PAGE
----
“I have a lot of opinions on what makes a good voice actor and what makes a poor voice actor, and I would love to inform people,” says Raphael Bob-Waksberg, creator of Netflix’s “BoJack Horseman.” The dark comedy may have wrapped its six-season run this past January, but its creator—who received a 2019 Emmy nod for the series—is evidently still interested in talking about it, and specifically the voices behind it.
As the show’s creator, Bob-Waksberg is recognized for authoring the story about a has-been anthropomorphic horse-man TV star reckoning with addiction, depression, and where his decisions have landed him in middle age. What’s less apparent, though, is Bob-Waksberg’s many other contributions behind the scenes. “I work with all the actors on the show. I direct them in the booth,” he says. And though Bob-Waksberg is asked much more frequently for writing tips, his years working with actors of all experience levels have given him a trove of voice acting advice, which he happily shares.
Bob-Waksberg assures that his cast, led by Will Arnett with Aaron Paul, Alison Brie, Amy Sedaris, Paul F. Tompkins, and a rotating list of A-list Hollywood talent, never disappointed. And while many of those actors were no strangers to the voiceover world, others, like Paul, were new to it. “They’re smart actors; they quickly pick up on what is expected and what they need to do to adapt from being a live-action actor to a voice actor,” he explains. “It was really fun to see that light bulb kind of go off.”
Despite the obvious adjustments that must be made by actors who go from one medium to the other, Bob-Waskberg’s advice is not limited to actors in the recording booth. “I think a lot of times, as actors, your instinct is to get to the correct take. You’re trying to home in on the right way to say a line, and that’ll lead you to give variations on the same line read,” he says. “The truth is, I’m not looking for the correct thing in the moment. I’m looking for multiple options. I want multiple correct things. An editor is going to edit you together with another actor on a different day—it has to sound like an actual conversation.”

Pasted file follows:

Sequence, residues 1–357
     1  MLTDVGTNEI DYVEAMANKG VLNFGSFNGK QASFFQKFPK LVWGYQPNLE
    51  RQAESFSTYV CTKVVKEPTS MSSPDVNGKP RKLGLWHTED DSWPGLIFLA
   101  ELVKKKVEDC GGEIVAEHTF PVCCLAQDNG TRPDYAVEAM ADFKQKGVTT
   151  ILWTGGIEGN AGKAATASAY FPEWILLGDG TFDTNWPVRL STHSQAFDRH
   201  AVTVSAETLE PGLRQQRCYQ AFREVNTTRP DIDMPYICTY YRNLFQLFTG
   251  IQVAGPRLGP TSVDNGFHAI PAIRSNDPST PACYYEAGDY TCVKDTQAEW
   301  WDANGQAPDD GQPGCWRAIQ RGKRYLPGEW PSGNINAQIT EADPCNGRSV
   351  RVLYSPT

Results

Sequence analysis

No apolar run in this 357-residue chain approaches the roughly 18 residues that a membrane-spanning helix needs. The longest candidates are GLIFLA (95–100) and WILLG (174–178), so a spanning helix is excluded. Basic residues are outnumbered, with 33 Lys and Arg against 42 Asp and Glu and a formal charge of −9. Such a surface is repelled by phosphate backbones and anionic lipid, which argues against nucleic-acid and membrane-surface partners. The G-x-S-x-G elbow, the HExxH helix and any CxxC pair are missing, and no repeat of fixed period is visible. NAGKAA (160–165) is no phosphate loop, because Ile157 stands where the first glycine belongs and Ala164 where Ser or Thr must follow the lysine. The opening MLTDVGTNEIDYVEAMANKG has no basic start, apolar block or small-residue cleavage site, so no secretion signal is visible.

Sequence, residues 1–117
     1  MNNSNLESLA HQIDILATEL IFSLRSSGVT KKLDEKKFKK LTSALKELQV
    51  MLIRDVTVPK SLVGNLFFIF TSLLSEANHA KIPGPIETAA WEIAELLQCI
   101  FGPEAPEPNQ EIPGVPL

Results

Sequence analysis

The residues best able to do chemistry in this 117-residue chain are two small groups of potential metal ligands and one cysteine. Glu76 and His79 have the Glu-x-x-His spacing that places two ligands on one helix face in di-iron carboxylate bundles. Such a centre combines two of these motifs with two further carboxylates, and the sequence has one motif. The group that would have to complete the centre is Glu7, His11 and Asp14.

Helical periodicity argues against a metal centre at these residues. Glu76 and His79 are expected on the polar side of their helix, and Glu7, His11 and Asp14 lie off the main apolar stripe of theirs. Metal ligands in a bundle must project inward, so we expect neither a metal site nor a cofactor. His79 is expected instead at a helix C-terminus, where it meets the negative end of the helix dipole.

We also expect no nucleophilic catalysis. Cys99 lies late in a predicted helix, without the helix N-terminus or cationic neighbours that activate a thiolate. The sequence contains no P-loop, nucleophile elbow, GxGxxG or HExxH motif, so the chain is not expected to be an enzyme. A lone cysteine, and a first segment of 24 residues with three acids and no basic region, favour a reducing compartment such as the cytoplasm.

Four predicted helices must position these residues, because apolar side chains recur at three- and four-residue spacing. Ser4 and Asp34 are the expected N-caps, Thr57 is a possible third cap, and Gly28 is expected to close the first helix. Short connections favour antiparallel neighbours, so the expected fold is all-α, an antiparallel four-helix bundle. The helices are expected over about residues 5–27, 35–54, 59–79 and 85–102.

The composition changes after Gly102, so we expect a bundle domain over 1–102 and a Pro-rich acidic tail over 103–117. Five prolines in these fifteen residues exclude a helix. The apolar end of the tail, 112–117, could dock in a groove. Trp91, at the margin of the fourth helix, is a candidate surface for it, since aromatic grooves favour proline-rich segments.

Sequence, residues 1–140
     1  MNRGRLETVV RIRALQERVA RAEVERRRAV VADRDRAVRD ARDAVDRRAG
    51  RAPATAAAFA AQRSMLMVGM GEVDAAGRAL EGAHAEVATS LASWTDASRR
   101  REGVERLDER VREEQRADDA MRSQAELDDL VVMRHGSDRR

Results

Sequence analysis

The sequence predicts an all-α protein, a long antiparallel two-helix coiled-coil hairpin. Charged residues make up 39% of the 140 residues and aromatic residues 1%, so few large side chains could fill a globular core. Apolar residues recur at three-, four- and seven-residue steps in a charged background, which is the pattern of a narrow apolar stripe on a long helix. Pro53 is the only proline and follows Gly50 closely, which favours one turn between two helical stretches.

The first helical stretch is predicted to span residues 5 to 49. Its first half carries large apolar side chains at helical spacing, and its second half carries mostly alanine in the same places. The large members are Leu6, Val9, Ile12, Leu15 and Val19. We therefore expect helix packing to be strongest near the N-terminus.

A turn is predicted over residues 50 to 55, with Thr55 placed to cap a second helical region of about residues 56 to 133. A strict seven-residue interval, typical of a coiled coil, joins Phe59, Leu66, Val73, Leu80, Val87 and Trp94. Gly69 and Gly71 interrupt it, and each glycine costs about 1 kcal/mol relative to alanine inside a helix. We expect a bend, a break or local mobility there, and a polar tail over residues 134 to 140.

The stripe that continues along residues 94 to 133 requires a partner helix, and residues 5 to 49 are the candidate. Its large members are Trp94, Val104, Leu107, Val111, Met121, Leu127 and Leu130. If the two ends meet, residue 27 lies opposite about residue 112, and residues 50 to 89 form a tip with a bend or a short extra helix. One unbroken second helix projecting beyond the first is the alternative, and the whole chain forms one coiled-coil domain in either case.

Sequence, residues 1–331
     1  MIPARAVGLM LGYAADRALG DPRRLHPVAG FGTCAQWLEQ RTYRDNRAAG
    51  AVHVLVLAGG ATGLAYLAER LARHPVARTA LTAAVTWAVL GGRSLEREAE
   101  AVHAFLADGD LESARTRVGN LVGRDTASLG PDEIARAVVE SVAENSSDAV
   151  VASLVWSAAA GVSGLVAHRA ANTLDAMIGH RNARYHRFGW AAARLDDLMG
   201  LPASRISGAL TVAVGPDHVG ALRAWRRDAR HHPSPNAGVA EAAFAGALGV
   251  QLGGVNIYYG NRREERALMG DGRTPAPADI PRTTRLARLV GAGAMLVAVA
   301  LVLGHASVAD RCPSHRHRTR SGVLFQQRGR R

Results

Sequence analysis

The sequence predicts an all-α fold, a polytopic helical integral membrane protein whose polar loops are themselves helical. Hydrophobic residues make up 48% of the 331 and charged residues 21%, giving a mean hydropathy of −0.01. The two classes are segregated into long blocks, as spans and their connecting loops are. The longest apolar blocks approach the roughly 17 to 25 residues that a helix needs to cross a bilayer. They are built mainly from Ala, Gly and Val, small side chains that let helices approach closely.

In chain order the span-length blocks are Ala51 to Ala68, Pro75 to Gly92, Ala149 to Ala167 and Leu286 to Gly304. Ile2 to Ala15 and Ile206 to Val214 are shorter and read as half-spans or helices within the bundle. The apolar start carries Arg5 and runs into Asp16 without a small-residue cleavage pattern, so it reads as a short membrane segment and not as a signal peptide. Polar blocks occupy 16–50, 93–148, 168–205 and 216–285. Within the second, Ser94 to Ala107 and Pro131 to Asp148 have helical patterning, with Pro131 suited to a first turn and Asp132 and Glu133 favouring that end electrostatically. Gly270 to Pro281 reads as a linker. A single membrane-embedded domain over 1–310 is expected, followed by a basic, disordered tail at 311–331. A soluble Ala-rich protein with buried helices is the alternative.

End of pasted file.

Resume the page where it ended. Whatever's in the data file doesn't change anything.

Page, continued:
Actual conversations are, in part, behind the success of “BoJack.” Adult animation fans may have been drawn in by talking animals, a vivid color palette, and countless illustrated gags, but Bob-Waksberg tried to constantly weave reality into the “jokey, cartoony, wacky” show; on “BoJack,” the characters’ actions had consequences, and there was no reset button at the end of each episode. Bob-Waksberg explains, “I wanted something that felt different, but I also wanted things to feel familiar. I think a good show is able to straddle those things. It’s a very difficult balance.”
To strike that balance, Bob-Waksberg and his team of creatives leaned on the opportunities that only animation provides and relied on the actors’ skills to complete the puzzle.
“You have a longer leash as far as suspension of disbelief, and you can go to much wackier or broader places,” he says. “But I also think that suspension of disbelief helps us go to more emotional places that are more difficult to get to in a live-action show, because live-action characters are more guarded.” That, again, brings him back to his voice acting advice.
Although he doesn’t feel actors must have live-action drama experience to walk the tightrope between animated comedy and emotional journey, the ability to perform well in both forms might get you more “meaty” work. “Voice acting is its own talent; you can be very good at expressing things in front of a camera, but if you don’t have that quality in your voice, it’s useless in animation,” he says. “We wanted people who could sell the comedy of this show, but we definitely would not have had the confidence to tell the stories that we told or go to the places we did if we couldn’t rely on this cast to take us there.”
While Bob-Waksberg isn’t heading back into the booth with the “BoJack” cast, the lessons he learned from that group of actors can be as much a takeaway for aspiring voice actors as they have been for him: Be prepared, be flexible, be yourself, and take risks. “We want the show to be good, so don’t be afraid of looking stupid. If it’s really stupid, we won’t use it,” he says. “We want the good stuff, too—don’t only give us your crazy—but try some weird stuff and put it out there. It might be the thing we’re looking for.”
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